In last week’s brief, Pruitt disagrees, likening marijuana produced and sold by Colorado-licensed businesses to air pollution that ineluctably wafts across the borders of other states. “Nebraska and Oklahoma can no more prevent Colorado’s marijuana from crossing its borders than it can prevent its winds from blowing and rivers from flowing,” he writes. Even while conceding the futility of prohibition, Oklahoma and Nebraska demand more of it, arguing that Colorado should be forced to assist their vain effort to prevent people from getting high by changing its laws. - Since it is beyond dispute that states have no obligation to punish every act that Congress decides to treat as a crime, Oklahoma and Nebraska are not asking Colorado to recriminalize production, possession, and distribution of marijuana. But they argue that licensing, regulating, and taxing marijuana businesses violates the Controlled Substances Act (CSA) and therefore the Constitution’s Supremacy Clause, which makes congressional legislation “the supreme law of the land.” The upshot is that a victory by Oklahoma and Nebraska could exacerbate the problem they perceive. - - Solicitor General Donald B. Verrilli Jr. (Photo by Mark Wilson/Getty Images)
“If plaintiffs were to prevail,” Verrilli writes, “the result might be that Colorado’s regulatory regime would be enjoined but the sale and possession of marijuana would still be lawful under Colorado’s laws. Plaintiffs’ standing argument therefore appears to rest on the premise that Colorado’s scheme, by assertedly ‘condoning the intrastate manufacture, distribution, and possession of an illegal drug,’ gives rise to greater harms than would a regime of legalization with no regulation.”
The prospect of a decriminalized and unregulated marijuana industry is one of the reasons the Justice Department itself declined to challenge legalization in Colorado. But since it reserves the right to do so if things go horribly wrong, Verrilli has to be careful about questioning Oklahoma and Nebraska’s argument that state marijuana regulation creates a “positive conflict” with the CSA, meaning that “the two cannot consistently stand together.” Instead he says the existence of such a conflict might hinge on “the practical efficacy of Colorado’s regulatory system in preventing or deterring interstate marijuana trafficking.” As Pruitt notes, “DOJ has threatened that, if legalizing States’ ‘enforcement efforts are not sufficiently robust to protect against [such] harms’ it ‘may seek to challenge the regulatory structure itself’—presumably contending, as Nebraska and Oklahoma do here, that the CSA preempts contrary state regulation.”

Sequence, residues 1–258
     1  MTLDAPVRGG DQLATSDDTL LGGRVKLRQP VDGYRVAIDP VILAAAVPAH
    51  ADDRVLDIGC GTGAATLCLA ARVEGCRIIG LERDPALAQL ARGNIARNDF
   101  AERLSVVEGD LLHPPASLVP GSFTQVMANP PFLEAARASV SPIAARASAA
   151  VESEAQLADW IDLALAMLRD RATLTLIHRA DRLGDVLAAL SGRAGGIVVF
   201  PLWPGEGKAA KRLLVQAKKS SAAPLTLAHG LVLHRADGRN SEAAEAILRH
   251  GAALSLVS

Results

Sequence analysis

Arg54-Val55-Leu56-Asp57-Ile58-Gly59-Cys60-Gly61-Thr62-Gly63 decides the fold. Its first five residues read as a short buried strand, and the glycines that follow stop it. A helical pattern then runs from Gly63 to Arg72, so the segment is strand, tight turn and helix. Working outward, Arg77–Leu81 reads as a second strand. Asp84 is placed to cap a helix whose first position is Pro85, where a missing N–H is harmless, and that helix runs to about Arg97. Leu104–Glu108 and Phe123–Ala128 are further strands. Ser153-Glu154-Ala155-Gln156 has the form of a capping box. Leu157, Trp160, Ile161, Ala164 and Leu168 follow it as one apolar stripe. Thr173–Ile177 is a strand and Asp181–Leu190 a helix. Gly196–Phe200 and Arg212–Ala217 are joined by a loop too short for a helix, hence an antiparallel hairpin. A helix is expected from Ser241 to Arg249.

John Hutchison - - - - -
I was watching your videos and looking at the materials that you use I assume that you might also have a spin-valve on one side
creating a topological insulator. That is an insulator for one spin and the other spin electrons can pass through in a superconducting way.

Then the self-oscillation (spin-precessuion oscillation) of probably the quartz is transferred via the Overhauser effect to the other
half- and rare earth metals and that creates an interactive spin-precesion oscillation, which leads to the low current oscillations
(in comparison to the molecular oscillation) in the whole set-up. That is why your set-up sometimes oscillates. I have the same with
my cells.

Great stuff what you are doing..
project is to make these simple to build for you folks so that why i

seek money to try to do this like the very successfull open sourced crystal power cells you folks are building now on youtube you tube search crystal power cell now is time to do the same for this unit thanks and god bless - - john k hutchinson
john k hutchinson Free Energy - - - -
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#NATO #SocialMedia @SocialNewsCorp - - We provide the content. You save time and effort. -
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Methane Nuclear Release Over LA From 1959 Nuclear Meltdown. - - - - - - - - - -

  • Nuclear Forensics On Whale Carcasses is Now Way Over Due.willpwilson 908, Mon Jan 18 11:54
    Proposal to Produce a Documentary Covering Nuclear Readings using Radiological Forensics of Whale Carcasses to Determine and to Chart How Nuclear Contamination is Now Causing the Extinction of Most... more
    • 21st Century Banking: A World Run By Parasites - — willpwilson 908, Mon Jan 18 11:56